Wilmington, NC (one reason I am moving there)
    Columbia, SC
    Provo, UT
    Possibly Biloxi, MS and the panhandle of Florida

  5. #5
    Cyburbian Breed's avatar
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    I think you are pretty safe in just about anywhere in the south where there is decent growth. Because revitalizing a downtown is long tedious work that often takes decades to pull off, I wouldn't necessarily limit your search to places that are just getting started in terms of developing their respective downtowns. In ten years, the same cities that are doing significant work in their downtown areas will probably still be doing work.

    Because the south is growing strongly and planning is still somewhat new to the area, planning jobs will contine to grow and pop up. I would find an geographic area that you really like, and then try to get a job, rather than trying to get a job in the perfect situation.
    Every time I look at a Yankees hat I see a swastika tilted just a little off kilter.
    Bill "Spaceman" Lee

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    Quote Originally posted by ofrc3
    Don't write off less familiar areas of the Sunbelt. Even though coastal California cities seem to be saturated with urban planners and are hemorrhaging people to more affordable ares of the country, the inland cities such as Sacramento, Modesto, Fresno, and Bakersfield are facing a growing population and are rediscovering their downtowns.
    Sacramento-most definitely.

    Modesto-Yawwwwwwwn

    Fresno-116 degrees F (or bone chilling grey fog/smog during the winter), high, high crime rate, corrupt local government, and an amazingly bland sprawlscape, plus 16% endemic unemployment. Nope, unless you can work for the more charming suburb of Clovis..

    Bakersfield-I've heard it's decent, but the surroundings have towns with names like "Taft" and "Oildale." With only 5 inches of rain on average, how nice would it be.

    I would suggest instead other, smaller, and more northern inland cities like Chico (a college town to boot), Redding (blah town with a scorching climate, but a great forested mountain and reservoir setting immediately outside town), Santa Rosa (still expensive, but better than the central Bay Area. It's in a beautiful wine country setting), Lodi, a small, wine-growing Central Valley town with some great planning downtown.

  7. #7
    Cyburbian
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    St. George area of UT. Unbelievable growth rate.
    Summit County, UT. ditto
    Utah County, UT ditto

    The list goes on and on, I would imagine that the same would be true in every other wothwestern state.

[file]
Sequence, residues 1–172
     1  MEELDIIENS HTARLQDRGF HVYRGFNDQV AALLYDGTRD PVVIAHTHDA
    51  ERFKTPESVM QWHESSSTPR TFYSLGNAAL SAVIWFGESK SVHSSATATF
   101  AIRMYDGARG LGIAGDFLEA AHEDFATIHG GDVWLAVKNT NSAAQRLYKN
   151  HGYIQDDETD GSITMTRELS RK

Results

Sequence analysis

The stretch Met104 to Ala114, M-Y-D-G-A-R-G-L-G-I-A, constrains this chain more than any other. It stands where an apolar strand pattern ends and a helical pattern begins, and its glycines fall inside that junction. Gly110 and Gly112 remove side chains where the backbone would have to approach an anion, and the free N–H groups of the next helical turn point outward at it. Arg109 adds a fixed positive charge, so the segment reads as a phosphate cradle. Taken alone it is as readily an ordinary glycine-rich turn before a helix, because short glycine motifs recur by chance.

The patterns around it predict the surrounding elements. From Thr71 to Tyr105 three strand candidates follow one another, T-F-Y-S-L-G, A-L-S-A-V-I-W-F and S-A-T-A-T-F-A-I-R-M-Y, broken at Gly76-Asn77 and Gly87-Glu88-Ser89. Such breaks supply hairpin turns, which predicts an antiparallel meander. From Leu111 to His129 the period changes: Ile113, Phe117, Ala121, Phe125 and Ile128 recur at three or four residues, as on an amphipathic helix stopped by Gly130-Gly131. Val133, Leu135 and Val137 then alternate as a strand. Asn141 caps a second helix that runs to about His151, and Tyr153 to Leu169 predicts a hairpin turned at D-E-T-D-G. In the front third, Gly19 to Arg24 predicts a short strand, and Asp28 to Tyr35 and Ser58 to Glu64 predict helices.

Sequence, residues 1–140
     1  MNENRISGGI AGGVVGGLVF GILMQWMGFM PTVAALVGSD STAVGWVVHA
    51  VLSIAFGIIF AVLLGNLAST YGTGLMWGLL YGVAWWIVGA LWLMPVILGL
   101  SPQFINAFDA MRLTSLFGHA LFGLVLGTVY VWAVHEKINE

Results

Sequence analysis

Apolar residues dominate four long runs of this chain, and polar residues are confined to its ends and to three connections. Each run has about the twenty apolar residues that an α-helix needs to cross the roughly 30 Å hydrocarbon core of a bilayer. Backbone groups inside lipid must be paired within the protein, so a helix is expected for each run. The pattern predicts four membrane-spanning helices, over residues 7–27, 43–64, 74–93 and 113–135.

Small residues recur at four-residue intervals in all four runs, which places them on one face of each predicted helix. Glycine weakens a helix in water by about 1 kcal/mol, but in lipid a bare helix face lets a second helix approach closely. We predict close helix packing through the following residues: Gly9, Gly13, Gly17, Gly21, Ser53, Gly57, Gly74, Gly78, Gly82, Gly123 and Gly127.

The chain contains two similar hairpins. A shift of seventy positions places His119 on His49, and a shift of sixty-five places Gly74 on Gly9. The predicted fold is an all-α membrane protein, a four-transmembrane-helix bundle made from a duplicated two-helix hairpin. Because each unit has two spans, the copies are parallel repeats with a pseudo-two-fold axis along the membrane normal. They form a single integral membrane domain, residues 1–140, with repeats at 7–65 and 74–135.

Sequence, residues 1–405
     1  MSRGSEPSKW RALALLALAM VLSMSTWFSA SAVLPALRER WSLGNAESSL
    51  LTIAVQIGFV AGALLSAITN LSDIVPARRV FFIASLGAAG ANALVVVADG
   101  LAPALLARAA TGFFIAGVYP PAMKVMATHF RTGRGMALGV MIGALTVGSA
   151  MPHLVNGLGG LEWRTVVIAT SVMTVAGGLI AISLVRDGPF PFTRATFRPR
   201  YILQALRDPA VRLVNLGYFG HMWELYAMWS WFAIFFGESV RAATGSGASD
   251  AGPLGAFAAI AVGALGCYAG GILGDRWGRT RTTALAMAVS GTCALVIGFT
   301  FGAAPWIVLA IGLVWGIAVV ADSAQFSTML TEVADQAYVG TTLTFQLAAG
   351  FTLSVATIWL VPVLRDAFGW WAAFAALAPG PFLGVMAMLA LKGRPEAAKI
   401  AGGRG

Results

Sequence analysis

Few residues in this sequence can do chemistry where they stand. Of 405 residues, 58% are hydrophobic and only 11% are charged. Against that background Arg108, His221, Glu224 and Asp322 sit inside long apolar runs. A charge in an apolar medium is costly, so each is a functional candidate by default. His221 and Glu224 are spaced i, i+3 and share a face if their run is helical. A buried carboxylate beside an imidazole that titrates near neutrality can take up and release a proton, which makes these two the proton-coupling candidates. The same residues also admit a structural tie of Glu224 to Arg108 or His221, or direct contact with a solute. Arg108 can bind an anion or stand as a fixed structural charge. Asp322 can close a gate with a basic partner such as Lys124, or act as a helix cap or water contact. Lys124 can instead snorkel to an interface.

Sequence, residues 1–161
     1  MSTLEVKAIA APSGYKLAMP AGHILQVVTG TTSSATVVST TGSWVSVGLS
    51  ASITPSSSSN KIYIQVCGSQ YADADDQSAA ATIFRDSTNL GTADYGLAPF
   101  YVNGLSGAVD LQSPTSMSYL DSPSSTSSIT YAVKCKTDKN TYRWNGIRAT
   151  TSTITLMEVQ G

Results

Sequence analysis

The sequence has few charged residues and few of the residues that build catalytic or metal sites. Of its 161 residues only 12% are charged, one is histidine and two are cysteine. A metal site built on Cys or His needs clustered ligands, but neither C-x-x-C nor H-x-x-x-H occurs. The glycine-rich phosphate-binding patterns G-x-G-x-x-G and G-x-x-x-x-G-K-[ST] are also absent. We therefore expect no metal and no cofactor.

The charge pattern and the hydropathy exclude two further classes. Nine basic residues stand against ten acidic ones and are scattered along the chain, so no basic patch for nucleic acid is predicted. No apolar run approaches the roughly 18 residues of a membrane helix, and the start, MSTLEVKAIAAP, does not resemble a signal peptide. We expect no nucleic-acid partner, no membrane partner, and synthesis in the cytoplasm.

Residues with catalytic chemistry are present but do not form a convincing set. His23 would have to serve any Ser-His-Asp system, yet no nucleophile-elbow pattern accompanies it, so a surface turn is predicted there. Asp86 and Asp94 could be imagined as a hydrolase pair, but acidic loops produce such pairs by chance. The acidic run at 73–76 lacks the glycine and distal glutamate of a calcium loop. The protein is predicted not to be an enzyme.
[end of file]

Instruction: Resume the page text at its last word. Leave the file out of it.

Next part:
I think Santa Rosa would be an incredible setting to be in.

  8. #8
    Cyburbia Administrator Dan's avatar
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    Las Cruces, New Mexico. I'll recommend it since they got a new PD last year. Diverse as hell, growing rapidly, well-educated population, wins all sorts of "best place to/for [X]"-like awards, but it has a downtown that is almost completely dead exceot for some offices, local and county government, and a used book store. It's ripe for revival, though; it's completely surrounded by residential areas, it's at most 15 minutes away from the furthest reaches of the city's sprawl, and residents aren't reluctant to leave their neighborhoods for shopping, dining and entertainment. Eight inches of rain a year; it's actually very green in some areas.

    A few others on my up-and-coming list:

    Grand Junction, Colorado: isolated but very liveable city that is laid back and quite easy on the eyes. The downtown is small, but it's healthy. The population used to be Alberta-like; now it's swinging heavily towards the young, outdoorsy crowd. Good weather, too.

    Greeley, Colorado. It's more likely that nearby Fort Collins will break out and become Colorado's third major city, but you said "small or empty downtowns", and Fort Collins has a downtown that is extremely busy. Greeley can only benefit from riding real estate prices in the Fort Collins, Boulder and Denver's northern suburbs. Mild winters; there's snow, but a lot of sun.

    I'll second St. George, but be aware demographics there skew old.

    IMHO, steer clear of Pueblo, Colorado; most Texas cities, and anyplace in Wyoming. The Central Valley cities in California have reputations as havens for the Dale mourning n' meth crowd.